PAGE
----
Could Brexit Lead to the end of Britain’s Influence in Forex Markets?

by Mike on April 26, 2016

Could Brexit Lead to the end of Britain’s Influence in Forex Markets?

Britain heads to the polls on June 23rd to decide whether it wants to maintain its membership of the European Union under the terms negotiated by David Cameron earlier this year. Currently, polls are tight, with very few people offering confident predictions about whether Britain will vote to remain.

Britain leaving the EU wouldn’t only impact on the political domain, as it would also have a huge impact on a number of both domestic and international policy areas, such as housing, education and even the finance markets. In this post we take a look at whether Britain leaving the EU could reduce the country’s standing in international forex markets.

Poll of 12,000 Professionals Says “Yes”

In a recent poll of 12,000 market professionals conducted by Reuters, it appears as though the majority of the respondents felt that if the UK left the EU, London would lose its role as the world’s main currency trading hub.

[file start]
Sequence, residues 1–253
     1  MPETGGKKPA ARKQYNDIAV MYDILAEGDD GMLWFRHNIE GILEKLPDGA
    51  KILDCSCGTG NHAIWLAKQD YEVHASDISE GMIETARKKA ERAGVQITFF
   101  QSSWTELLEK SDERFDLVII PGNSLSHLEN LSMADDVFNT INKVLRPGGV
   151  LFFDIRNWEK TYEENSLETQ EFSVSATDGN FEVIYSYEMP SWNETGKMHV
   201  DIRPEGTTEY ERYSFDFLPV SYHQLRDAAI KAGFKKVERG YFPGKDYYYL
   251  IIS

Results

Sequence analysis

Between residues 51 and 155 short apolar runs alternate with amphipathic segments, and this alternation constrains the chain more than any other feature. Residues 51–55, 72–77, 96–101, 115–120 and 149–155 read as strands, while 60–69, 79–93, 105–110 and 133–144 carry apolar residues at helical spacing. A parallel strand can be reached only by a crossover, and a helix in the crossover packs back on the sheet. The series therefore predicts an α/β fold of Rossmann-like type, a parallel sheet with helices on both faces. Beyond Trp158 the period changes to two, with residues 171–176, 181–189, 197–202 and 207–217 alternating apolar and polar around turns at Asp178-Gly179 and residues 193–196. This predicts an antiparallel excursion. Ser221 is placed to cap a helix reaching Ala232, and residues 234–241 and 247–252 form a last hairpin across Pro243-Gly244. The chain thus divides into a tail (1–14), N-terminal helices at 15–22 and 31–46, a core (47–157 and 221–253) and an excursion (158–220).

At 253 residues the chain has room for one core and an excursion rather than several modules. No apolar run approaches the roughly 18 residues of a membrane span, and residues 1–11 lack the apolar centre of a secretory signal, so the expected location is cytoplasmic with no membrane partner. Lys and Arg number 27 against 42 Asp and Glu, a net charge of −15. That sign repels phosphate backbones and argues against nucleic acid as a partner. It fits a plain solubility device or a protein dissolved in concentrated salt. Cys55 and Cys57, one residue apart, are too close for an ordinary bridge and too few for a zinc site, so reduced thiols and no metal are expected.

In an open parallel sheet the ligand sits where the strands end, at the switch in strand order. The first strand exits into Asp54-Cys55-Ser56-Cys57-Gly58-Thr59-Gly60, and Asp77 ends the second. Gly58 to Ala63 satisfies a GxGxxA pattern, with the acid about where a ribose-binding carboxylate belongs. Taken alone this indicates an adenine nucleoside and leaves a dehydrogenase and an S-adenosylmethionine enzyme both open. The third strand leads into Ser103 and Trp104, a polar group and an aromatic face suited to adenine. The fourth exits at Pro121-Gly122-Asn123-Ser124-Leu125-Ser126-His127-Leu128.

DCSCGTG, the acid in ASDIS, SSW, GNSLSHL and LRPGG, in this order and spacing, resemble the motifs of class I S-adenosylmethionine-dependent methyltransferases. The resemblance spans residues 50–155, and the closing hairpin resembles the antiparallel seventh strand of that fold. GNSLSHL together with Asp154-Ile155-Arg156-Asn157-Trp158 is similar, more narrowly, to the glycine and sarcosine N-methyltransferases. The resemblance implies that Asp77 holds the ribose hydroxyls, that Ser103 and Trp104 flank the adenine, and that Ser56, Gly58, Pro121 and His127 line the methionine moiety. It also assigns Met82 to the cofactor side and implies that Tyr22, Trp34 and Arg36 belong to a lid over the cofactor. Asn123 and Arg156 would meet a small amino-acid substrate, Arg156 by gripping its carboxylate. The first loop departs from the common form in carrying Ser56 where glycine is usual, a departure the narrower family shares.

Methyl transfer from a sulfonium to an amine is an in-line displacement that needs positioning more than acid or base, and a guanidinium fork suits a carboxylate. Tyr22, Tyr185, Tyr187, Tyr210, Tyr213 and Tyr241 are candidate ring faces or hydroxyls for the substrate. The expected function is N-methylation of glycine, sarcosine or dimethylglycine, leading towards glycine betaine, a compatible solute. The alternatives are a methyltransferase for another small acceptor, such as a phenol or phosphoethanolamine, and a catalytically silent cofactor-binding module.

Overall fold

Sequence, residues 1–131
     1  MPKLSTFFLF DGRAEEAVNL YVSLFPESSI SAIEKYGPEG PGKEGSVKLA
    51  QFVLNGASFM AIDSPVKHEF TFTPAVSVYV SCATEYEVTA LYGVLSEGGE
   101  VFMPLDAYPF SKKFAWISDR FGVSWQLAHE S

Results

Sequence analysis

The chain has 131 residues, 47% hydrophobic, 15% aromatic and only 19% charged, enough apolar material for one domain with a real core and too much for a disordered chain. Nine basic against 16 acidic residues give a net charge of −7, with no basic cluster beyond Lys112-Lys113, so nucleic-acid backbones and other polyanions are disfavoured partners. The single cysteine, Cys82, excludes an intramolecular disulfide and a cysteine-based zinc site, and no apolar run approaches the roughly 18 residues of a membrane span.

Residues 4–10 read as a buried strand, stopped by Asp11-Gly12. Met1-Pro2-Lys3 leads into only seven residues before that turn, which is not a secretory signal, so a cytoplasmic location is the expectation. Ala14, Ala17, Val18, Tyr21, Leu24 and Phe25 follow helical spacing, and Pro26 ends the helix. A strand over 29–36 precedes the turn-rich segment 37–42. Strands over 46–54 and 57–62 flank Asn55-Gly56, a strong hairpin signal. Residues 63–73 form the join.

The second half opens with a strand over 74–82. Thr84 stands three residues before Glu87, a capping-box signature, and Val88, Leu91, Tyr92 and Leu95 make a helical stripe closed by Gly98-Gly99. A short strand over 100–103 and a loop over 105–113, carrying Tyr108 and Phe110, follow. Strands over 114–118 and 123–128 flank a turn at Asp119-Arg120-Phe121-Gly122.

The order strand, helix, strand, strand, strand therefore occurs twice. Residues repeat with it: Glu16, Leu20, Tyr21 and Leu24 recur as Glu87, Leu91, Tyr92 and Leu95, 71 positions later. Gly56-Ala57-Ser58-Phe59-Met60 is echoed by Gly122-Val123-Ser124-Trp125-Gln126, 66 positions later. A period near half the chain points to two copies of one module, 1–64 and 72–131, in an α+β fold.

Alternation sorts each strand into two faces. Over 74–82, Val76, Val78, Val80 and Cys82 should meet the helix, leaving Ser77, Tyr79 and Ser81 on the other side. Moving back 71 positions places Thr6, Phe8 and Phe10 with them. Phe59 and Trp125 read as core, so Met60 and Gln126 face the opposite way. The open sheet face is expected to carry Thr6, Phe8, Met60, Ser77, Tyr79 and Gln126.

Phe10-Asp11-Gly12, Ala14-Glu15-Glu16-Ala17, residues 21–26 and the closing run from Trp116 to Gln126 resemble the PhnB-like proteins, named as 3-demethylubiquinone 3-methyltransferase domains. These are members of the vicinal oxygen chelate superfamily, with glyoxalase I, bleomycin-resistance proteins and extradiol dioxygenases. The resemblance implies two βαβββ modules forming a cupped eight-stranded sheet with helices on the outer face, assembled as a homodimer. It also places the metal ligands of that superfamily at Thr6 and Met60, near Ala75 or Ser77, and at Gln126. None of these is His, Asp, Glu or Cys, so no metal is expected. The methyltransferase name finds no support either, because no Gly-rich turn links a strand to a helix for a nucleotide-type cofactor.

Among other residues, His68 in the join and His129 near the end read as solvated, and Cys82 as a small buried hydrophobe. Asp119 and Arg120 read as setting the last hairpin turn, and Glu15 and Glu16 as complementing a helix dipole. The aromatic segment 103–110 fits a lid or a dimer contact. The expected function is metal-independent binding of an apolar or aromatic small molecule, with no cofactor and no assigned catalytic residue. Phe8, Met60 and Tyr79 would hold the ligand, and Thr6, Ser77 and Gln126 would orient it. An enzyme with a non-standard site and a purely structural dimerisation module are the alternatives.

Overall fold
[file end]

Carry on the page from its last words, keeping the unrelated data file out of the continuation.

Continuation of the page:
It was felt that Paris, New York, Dublin and Frankfurt would all overtake London as trading hubs in the aftermath of a Brexit, or would at least be the main beneficiaries. Frankfurt is thought to be the main beneficiary.

The 12,000 professionals polled are all members of the ACI Financial Market association, and their conclusions echo those of major banks.

Currently, London is at the heart of the around $5 trillion a day global currency market. As a financial powerhouse, London is able to draw big deals, with the majority of people trading via their desktops in Europe doing so from the London exchange. Due to this, it’s perhaps no surprise that London has seen major investments from market leaders and, resultantly, those market leaders are now wary of the impacts of London leaving the EU.

This is a point that was reflected within the response to other questions in the poll. Of those surveyed, a colossal 80% of the 12,000 respondents said that they believed Britain should stay in the EU, which is around double the national average for the public when asked in surveys conducted either on the phone or in person.


With big banks, market experts and large businesses all apparently wary of Britain leaving the EU, expect to learn more concrete facts about how Britain leaving the EU could affect personal and national finances in the coming weeks and be sure to monitor your investments closely.


***Image thanks to Justgrimes***

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